by rafael on Sep 28 2020

-- by Arelis R. Hernandez, The Washington Post:

Oralia Soto had pain in her lungs, but being the sole caregiver for her 12-year-old diabetic great-granddaughter left no time to see a doctor.

When Soto, 87, finally sought medical care, she was critically ill with the coronavirus and needed to be put on a ventilator. She died days later, one of 15 members of a large Latino family in Texas’s Rio Grande Valley who fell ill with or succumbed to the virus.

“It is just too much to handle,” said Brenda Benitez, Soto’s niece. “I feel numb inside. I just pray.”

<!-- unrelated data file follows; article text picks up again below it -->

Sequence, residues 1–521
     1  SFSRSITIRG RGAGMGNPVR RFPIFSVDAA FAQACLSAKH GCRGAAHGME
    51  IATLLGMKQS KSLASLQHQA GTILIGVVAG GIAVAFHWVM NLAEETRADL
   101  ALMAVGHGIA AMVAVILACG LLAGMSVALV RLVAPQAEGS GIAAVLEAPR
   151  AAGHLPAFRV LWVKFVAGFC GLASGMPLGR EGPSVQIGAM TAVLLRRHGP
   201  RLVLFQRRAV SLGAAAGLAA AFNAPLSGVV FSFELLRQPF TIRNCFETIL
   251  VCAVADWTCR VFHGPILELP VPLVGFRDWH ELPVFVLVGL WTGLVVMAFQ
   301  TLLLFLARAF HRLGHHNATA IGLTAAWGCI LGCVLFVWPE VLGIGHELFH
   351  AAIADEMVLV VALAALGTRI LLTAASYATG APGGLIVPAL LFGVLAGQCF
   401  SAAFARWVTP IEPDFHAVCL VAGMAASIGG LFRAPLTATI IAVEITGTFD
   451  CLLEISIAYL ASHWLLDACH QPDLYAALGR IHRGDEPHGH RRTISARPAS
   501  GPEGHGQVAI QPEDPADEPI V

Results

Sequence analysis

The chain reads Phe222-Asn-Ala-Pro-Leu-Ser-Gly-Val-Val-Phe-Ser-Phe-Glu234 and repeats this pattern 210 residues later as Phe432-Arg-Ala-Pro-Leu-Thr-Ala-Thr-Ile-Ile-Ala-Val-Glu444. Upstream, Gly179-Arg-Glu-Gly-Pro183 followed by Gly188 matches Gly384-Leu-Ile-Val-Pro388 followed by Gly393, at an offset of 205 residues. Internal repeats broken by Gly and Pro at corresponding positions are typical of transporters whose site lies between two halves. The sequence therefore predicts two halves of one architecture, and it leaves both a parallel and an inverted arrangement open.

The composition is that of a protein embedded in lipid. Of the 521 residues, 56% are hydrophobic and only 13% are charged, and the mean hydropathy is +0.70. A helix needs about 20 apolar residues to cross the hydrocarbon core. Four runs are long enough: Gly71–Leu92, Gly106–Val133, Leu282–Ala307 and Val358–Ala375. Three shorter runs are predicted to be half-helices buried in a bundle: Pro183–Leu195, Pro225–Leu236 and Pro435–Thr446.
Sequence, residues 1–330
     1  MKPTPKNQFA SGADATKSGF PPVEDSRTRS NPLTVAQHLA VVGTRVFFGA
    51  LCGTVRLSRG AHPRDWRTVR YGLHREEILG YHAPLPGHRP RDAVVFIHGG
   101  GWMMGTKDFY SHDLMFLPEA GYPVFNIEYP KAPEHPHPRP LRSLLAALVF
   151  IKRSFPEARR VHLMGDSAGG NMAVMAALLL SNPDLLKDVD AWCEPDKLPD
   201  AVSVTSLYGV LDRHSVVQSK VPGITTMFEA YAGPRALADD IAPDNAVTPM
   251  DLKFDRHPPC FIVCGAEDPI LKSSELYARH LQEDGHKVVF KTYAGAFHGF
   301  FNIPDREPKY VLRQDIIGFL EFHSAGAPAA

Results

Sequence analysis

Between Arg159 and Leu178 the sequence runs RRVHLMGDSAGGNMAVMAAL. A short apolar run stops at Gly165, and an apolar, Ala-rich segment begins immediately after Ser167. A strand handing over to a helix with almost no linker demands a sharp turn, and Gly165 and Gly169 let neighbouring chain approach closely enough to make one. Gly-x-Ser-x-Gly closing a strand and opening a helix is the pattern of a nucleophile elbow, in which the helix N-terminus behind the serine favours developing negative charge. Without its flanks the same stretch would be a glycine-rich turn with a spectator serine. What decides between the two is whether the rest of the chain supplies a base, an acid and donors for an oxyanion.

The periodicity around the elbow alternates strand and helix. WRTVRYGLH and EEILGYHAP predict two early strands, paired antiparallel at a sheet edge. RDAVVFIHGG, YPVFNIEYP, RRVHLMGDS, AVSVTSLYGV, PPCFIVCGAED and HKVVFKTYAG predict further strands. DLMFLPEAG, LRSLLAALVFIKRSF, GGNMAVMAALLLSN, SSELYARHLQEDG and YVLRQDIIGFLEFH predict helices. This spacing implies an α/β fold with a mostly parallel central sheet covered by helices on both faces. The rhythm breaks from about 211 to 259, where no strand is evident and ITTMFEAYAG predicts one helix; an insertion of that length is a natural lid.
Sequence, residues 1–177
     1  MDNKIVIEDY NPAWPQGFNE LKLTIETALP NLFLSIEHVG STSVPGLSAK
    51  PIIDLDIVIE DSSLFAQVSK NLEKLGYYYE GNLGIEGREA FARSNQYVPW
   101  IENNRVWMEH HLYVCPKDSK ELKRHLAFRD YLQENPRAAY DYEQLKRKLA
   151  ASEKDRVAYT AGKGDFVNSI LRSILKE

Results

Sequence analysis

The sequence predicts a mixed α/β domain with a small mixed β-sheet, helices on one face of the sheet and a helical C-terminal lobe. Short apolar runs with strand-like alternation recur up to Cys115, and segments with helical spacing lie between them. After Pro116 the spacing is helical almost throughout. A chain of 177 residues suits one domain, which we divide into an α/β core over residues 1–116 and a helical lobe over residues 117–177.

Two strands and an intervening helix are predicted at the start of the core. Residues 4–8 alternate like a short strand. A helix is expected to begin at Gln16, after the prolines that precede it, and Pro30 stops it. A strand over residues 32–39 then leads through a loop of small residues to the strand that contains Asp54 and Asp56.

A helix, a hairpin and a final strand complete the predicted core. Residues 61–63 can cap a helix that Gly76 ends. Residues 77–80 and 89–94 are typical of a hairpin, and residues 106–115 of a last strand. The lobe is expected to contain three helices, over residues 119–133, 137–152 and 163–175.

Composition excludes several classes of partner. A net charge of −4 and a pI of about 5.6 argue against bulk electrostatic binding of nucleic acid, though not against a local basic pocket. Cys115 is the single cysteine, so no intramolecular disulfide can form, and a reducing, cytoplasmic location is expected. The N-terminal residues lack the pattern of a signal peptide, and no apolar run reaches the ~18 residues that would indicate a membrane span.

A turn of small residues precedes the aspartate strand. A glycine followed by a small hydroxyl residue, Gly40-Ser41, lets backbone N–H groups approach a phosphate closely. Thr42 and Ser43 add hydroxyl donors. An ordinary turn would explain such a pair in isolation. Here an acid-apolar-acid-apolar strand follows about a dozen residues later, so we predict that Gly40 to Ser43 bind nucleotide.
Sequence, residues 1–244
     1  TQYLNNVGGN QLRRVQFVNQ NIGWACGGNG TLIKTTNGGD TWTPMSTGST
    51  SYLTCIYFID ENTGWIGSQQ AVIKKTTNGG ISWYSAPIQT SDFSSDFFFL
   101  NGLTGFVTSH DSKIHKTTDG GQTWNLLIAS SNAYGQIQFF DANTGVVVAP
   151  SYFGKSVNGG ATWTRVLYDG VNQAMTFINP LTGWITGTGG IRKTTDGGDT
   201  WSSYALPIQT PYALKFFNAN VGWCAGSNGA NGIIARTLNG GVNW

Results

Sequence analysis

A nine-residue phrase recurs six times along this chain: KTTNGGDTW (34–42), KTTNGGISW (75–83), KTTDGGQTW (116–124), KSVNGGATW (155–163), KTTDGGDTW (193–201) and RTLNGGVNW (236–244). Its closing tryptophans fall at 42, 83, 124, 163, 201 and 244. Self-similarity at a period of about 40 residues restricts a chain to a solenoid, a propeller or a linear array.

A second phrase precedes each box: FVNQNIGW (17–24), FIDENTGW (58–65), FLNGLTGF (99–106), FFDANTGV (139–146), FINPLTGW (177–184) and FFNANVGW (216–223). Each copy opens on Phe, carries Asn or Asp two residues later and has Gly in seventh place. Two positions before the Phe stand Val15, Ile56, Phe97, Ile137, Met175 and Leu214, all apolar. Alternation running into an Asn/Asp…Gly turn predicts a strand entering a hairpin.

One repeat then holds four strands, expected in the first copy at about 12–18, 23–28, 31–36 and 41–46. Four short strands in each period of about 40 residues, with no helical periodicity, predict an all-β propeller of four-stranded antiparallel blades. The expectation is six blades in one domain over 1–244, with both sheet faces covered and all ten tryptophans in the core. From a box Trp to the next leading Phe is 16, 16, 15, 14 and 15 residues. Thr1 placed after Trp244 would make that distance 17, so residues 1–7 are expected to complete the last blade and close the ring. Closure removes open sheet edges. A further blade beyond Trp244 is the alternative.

The novel coronavirus is devastating Latino communities across the country, from California’s Imperial Valley to suburban Boston and Puerto Rico. Workers at Midwestern meatpacking plants and on construction sites in Florida are getting sick and dying of a virus that is exacerbating historic inequalities in communities where residents, many of whom are “essential” workers, struggle to access health care. The undocumented are largely invisible.

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